Leaphart needed to get focused. A semester after the accident, he graduated with a 3.0 GPA. He came home to Philadelphia, enrolling in a preliminary bio-med program at Philadelphia College of Osteopathic Medicine.
It was a more “traditional environment,” he said — meaning, out of 51 students in the program, Leaphart was one of three who were black. But the environment allowed him to find his long-lost drive again. He placed third in academics and was accepted into PCOM as a full-time medical student.
Keith Leaphart is coming close to realizing his childhood dream of being a doctor. But the times have changed, and instead of veer off the path he set for himself, he decides to pave that path a little wider.
“In 1980, being a doctor was actually a good thing. You could make money being a doctor,” he said. “And you could help sick people. I realized when I got out of college that that wasn’t the physician I could be. Doctors weren’t independent or entrepreneurial.”
Leaphart decided to pivot, shifting his aim toward a career running a hospital. To do so, he would need to study business — and that’s what he did. At the same time Leaphart was pursuing his medical degree, he was also pursuing his MBA.
Even that wasn’t enough. Leaphart still needed to money to pay his tuition. At the end of his first year in the dual degree program, after already paying tuition, he landed a scholarship. In 1999, at age 24, Leaphart put that scholarship money toward launching a commercial cleaning franchise with his sister and brother-in-law.
His major account? Suburban Cable, owned by Gerry Lenfest (but soon to be acquired by Comcast).
How did Leaphart — to Lenfest, a janitor on the surface — earn the billionaire’s admiration? By attempting to upsell him.
“The days he was in his office, we would chat,” Leaphart said. “I said to him one day, ‘Mr. Lenfest, we also do residential cleaning. We’d be happy to clean your home.'” What the young Leaphart didn’t know was that Lenfest and his wife Marguerite notably lived quite modestly — they cleaned and maintained their own home. “He sat me down and said, ‘Why are you dumping my trash?’”
Leaphart told him he was pursuing a medical degree and MBA on top of owning the cleaning business. A mutual respect and admiration began to develop.
“They both genuinely like each other. It’s really not deeper than that,” said Lenfest Foundation President Stacy Holland. “As a result, the younger one is really deferential and respectful and is deeply curious about Gerry’s journey, and Gerry is deeply curious and respectful about sharing his wisdom and his knowledge with [Leaphart].”
After Lenfest officially sold Suburban, Leaphart said there was no real reason for him to maintain a connection with Lenfest. He became a resident doctor at Jefferson Hospital, and would call upon Lenfest for donations every now and then — but other than that, there was an eight-year gap in their friendship.
When Keith Leaphart is finishing his residency in 2007, the people he wanted to help in the neighborhoods “[do] not even have health insurance.” The doctor he wants to be, he can’t be. So, Leaphart considers a run for Congress.
His exploratory committee was funded by none other than Lenfest. But when he met again with Lenfest to ask for money to support an actual campaign, Lenfest had another plan in mind.
“He said, ‘Sit back down. I need your help. I want to find a way to help kids who look like you,’” Leaphart said. Lenfest made the 31-year-old his executive on loan from the Lenfest Foundation to the City of Philadelphia for 18 months, focusing on best practices for citizens re-entering society from the prison system — ex-offenders who couldn’t get a job because of drug-related felonies.
“One of my main goals was to serve as an advocate between what the city was trying to do and advocating the issue in the business community,” Leaphart said. “Gerry would set up a room with all his peers and I’d be the guy to say, ‘More than likely your kids probably used drugs in college, too. It’s a reality.’”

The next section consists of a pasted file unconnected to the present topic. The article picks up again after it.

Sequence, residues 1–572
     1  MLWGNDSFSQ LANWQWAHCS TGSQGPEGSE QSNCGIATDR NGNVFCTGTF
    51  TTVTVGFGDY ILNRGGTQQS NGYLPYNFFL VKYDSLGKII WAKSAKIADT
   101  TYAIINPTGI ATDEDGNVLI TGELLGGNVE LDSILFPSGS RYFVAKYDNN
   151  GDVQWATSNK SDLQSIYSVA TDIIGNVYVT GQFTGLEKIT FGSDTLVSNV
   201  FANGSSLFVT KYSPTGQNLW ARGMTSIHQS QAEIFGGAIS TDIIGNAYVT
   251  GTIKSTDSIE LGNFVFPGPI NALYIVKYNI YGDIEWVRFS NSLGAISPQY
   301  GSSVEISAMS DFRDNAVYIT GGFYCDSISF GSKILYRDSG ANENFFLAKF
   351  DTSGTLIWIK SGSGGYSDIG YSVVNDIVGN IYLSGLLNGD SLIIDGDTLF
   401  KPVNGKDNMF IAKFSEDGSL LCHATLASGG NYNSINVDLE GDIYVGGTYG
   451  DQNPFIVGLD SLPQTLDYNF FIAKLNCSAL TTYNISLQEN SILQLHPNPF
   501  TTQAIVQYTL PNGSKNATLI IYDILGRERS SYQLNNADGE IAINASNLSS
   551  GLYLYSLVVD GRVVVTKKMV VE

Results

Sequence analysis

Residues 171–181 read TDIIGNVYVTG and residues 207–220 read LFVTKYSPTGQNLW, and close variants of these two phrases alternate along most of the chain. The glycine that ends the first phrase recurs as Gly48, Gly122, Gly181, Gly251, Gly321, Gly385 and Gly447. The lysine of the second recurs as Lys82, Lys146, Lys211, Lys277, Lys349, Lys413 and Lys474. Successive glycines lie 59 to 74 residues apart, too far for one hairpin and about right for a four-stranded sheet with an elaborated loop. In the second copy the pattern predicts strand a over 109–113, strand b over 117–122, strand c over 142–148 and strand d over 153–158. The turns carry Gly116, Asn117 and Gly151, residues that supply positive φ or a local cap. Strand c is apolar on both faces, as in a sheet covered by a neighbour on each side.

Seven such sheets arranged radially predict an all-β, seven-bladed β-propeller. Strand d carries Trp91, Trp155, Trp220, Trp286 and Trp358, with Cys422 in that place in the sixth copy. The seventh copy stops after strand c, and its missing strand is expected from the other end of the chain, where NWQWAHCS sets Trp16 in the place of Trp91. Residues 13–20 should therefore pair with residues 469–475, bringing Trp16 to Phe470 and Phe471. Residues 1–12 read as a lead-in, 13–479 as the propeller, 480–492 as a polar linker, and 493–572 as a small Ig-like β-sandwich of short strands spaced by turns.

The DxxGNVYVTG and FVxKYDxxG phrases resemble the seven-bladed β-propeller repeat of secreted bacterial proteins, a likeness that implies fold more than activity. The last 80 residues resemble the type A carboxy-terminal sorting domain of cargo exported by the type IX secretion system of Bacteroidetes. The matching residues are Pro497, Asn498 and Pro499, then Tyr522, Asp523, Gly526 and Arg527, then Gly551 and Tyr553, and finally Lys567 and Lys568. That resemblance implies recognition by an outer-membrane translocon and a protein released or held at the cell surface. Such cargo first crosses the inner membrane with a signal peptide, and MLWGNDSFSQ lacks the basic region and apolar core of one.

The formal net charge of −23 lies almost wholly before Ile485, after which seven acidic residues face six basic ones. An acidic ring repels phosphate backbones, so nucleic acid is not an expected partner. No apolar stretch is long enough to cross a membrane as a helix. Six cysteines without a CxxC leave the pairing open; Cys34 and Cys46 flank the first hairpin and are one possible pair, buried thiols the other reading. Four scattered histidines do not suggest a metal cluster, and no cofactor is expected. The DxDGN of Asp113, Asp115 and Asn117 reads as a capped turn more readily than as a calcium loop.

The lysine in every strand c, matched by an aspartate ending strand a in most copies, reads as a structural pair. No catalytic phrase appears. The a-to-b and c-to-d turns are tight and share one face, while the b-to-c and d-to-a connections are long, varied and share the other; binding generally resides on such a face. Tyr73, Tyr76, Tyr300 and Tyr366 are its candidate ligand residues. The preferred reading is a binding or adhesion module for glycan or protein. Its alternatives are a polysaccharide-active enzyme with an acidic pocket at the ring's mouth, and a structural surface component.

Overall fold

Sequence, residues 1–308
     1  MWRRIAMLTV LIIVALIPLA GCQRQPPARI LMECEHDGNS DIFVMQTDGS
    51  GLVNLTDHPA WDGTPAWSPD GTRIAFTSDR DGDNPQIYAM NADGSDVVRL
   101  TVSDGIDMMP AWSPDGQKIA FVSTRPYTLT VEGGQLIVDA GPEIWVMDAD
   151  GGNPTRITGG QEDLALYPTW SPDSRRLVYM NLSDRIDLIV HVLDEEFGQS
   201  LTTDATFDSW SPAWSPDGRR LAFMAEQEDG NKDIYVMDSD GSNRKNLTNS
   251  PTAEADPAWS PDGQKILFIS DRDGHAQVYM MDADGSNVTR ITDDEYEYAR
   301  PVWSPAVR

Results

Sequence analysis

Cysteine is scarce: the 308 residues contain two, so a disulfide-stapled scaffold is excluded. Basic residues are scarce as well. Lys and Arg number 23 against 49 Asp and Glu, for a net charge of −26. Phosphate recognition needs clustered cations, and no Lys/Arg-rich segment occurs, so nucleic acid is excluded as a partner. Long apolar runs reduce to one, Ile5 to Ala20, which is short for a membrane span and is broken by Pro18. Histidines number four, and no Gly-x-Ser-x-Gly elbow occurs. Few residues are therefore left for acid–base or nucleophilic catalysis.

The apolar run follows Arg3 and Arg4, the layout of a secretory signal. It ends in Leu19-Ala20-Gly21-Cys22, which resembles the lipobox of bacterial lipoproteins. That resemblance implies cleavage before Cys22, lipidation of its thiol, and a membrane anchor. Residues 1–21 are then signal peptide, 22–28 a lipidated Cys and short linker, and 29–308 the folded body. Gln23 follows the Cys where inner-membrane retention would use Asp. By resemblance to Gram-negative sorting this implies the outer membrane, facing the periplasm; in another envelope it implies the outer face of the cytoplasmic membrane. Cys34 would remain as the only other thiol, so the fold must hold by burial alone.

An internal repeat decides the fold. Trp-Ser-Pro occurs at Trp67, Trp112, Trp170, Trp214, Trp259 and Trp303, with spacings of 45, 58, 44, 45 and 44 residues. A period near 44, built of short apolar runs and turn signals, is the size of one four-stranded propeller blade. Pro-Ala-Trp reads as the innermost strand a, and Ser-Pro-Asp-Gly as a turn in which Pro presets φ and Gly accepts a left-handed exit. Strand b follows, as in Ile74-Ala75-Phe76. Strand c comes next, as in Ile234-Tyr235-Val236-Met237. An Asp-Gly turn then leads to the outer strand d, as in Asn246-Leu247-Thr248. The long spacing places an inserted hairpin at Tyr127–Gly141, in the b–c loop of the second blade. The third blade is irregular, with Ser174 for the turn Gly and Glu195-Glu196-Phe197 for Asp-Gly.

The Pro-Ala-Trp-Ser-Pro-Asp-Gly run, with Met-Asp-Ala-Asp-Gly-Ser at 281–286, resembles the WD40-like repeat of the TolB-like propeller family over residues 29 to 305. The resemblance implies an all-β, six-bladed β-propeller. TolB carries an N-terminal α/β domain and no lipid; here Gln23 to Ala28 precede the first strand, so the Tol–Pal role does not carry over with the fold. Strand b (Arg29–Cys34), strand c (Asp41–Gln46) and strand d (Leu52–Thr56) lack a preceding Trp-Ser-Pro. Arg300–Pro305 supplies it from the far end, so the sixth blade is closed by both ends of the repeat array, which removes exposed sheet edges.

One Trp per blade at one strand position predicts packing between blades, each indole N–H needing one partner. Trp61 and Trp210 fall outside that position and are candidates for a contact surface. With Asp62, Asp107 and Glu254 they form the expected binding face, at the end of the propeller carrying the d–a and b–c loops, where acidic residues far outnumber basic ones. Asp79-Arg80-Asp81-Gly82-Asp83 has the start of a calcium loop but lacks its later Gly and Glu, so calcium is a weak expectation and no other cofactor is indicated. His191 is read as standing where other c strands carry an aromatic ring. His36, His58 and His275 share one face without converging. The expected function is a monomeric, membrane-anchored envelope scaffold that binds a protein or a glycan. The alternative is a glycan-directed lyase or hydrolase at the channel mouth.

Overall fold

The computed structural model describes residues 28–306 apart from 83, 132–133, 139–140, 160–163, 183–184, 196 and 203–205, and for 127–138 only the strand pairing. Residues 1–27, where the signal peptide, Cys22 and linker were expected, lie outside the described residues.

But bureaucratic red tape and business-as-usual prevented actual change from happening. Leaphart decided he’d rather be in a position to hire ex-offenders himself. He ended up buying Replica Creative in 2009 with a $600,000 loan from Gerry Lenfest.
Bureaucratic red tape and business-as-usual prevented actual change from happening. Leaphart decided he’d rather be in a position to hire ex-offenders himself.
“One day after I bought my business I got a call from the CFO of the Lenfest Foundation,” Leaphart said. “I didn’t know what the call was for.”
The call was to let Leaphart know that the Lenfest Foundation was restructuring to place a strong focus on creating opportunity for at-risk youth, and Lenfest wanted Leaphart to be involved. In 2013, he became the chair of the foundation’s board of directors.
Holland said that in his capacity as chair, Leaphart is the “main champion” of what the Lenfest Foundation is trying to do – spend itself down while building the city’s civic infrastructure through urban youth.
“Keith is very passionate about giving back to the young people in the city, but he also has a futuristic view,” Holland said. “This isn’t just about doing something good for young people. It really is about building our next generation of citizens.”
Through the Lenfest Foundation, Leaphart can help kids who grew up like him understand that there are more than just the five careers he knew growing up. He can help kids who don’t have the parental guidance he had when he was their age. He can show them that there’s meaningful work and opportunity beyond what they see in the neighborhood.
He can give them a taste of the experience he’s had, even after Gerry Lenfest is gone and his foundation has effectively deployed all of his money.
“He’s made over a billion dollars in philanthropic investments. He may not be here to see it, but his biggest pay off and return will be me being able to help others. That will be the biggest part of my legacy,” Leaphart said. It’s the same impetus that’s driven him since he dreamed of becoming a doctor as a child. “Make as much money as I can, so I can help as many people as I can. That’s really what it’s about.”-30-
From our Partners
It takes a city: Dispatch from a two-month-old social enterprise
Money Moves: Giving, getting and p(l)aying it forward
Justice, not charity: Liz Dozier thinks philanthropy should be rooted in equity and solidarity
During Tech in Action Day, all the participants teach and learn
The young philanthropists of CCFWG’s Girls Advisory Board gear up for a new funding cycle
MENTOR IR opens conversation on masculinity at ‘Mochas & Mentoring’
Money Moves: More than $4 million in funding was granted to Philadelphia-area orgs
ECS has been tackling Philly’s social issues for nearly 150 years. Now, its new focus is intergenerational poverty
Sign-up for daily news updates from Generocity